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US B-1B Bombers Fly Over South China Sea, Drawing Chinese Protest

 
 

On Friday, two U.S. long-range strategic bombers flew over parts of the South China Sea, asserting freedom of overflight over disputed waters.

The United States Air Force sent two B-1B Lancer bombers from Andersen Air Force Base in Guam in the Western Pacific to the South China Sea for a routine flight as U.S. President Donald J. Trump prepared to meet Chinese President Xi Jinping on the sidelines of the Group of 20 meeting in Hamburg, Germany.

Friday’s bomber flight comes shortly after the latest U.S. freedom of navigation operation by the U.S. Navy on the surface of the South China Sea, which involved the USS Stethem conducting an innocent passage within 12 nautical miles of Triton Island in the Paracel Islands.

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The U.S. Navy conducted a similar operation in May, when the USS Dewey, another Arleigh Burke-class guided missile destroyer, asserted high seas freedoms around Mischief Reef in the Spratly Group, the site of one of China’s seven artificial islands.

The latest B-1B Lancer flyover of the South China Sea echoes a similar operation in May as well.

In another incident in May, a U.S. B-1B flying over the East China Sea, where China also is involved in territorial disputes with Japan, received warnings from Chinese authorities. China declared an air defense identification zone over much of the East China Sea in November 2013.

The Chinese Foreign Ministry reacted negatively to the flight by the B-1 bombers, with Foreign Ministry spokesperson Geng Shuang saying that “China resolutely opposes individual countries using the banner of freedom of navigation and overflight to flaunt military force and harm China’s sovereignty and security.”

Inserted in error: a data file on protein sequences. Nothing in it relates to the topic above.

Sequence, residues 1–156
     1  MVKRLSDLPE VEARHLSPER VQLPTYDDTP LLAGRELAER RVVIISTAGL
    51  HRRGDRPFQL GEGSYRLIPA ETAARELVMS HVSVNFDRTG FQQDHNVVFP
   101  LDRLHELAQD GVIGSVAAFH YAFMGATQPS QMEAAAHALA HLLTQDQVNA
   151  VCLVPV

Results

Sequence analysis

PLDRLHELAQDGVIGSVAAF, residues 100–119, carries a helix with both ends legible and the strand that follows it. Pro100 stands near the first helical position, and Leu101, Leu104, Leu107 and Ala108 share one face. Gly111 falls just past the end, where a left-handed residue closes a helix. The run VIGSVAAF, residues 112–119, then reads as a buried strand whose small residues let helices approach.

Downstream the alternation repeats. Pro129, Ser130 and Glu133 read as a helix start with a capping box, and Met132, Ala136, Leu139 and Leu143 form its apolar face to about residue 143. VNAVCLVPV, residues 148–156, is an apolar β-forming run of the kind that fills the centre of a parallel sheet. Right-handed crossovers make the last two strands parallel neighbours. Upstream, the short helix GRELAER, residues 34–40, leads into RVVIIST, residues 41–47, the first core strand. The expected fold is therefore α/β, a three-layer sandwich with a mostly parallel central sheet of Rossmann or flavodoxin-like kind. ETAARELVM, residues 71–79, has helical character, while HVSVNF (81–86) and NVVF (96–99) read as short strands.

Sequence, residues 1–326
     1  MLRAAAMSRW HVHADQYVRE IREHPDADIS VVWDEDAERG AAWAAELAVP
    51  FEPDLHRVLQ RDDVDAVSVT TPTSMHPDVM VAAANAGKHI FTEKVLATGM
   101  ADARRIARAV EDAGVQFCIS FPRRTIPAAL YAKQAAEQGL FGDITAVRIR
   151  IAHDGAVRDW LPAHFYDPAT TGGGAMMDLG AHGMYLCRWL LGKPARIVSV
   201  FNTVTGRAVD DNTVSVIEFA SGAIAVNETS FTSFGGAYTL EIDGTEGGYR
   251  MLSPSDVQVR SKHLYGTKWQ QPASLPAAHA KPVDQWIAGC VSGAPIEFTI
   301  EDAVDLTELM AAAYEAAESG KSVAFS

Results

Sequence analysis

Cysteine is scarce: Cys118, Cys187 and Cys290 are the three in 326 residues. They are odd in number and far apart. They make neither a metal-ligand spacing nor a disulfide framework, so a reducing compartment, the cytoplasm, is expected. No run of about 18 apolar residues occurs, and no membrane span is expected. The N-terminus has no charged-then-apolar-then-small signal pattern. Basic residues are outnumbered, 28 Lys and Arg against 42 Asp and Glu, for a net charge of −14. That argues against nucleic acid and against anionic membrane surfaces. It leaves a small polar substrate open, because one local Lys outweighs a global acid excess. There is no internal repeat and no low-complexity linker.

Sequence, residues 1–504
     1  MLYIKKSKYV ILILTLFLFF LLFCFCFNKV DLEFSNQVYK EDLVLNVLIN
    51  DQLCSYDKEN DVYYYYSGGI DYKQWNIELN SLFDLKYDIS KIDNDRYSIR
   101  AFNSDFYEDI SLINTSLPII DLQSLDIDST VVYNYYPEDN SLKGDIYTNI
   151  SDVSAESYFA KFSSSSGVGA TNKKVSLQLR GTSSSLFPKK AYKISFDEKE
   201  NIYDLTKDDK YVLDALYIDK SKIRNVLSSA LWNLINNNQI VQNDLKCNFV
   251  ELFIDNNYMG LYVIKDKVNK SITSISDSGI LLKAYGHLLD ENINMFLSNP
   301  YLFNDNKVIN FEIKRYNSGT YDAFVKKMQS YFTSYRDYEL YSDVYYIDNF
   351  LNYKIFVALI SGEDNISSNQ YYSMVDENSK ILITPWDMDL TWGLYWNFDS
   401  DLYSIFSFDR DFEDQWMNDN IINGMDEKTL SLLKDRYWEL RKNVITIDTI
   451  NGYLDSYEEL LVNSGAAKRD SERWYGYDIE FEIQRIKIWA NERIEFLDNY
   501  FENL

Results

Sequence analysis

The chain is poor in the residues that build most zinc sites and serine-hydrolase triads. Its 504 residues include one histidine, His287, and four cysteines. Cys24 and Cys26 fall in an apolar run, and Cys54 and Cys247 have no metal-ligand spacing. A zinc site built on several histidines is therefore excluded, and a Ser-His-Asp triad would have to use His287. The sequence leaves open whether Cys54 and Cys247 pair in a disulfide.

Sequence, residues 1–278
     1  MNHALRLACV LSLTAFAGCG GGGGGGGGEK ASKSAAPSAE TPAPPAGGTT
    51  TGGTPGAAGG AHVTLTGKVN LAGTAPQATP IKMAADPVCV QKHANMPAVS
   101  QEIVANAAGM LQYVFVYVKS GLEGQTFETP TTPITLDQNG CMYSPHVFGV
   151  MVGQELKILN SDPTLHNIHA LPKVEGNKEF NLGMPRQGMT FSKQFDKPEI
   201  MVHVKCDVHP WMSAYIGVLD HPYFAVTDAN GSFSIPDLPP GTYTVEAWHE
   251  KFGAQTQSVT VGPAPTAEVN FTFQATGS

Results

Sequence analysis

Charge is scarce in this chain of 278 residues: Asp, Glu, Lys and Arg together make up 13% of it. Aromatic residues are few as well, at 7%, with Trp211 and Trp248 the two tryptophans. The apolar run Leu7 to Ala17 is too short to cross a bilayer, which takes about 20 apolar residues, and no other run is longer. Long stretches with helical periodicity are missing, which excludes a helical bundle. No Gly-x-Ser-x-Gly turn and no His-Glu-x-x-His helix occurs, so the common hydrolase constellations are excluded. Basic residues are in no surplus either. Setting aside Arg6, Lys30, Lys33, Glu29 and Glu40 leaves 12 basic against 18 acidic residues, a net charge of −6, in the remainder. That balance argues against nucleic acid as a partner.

The Chinese Defense Ministry, in a statement released to Reuters, noted that it “effectively monitors relevant countries’ military activities next to China.” “The Chinese military will resolutely safeguard national sovereignty and security as well as regional peace and stability,” it added.

The B-1B, though often erroneously cited as a nuclear-capable bomber, has not been slated for a nuclear delivery mission since the early 1990s.

Beginning in 2007, the existing B-1 bomber fleet underwent physical conversion to a conventional-only delivery platform — a process that was completed in 2011.

The changes to the bombers in the late-2000s physically prevent it from being reequipped for the delivery of nuclear air-launched cruise missiles or other nuclear ordnance.

The United States military has conducted surface transits by naval vessels and flyovers by military aircraft to protest excessive claims by regional states, including China.

The United States does not take any position about which South China Sea claimant state is the rightful owner of any given feature, but does see the preservation of freedom of navigation and overflight as a core interest.

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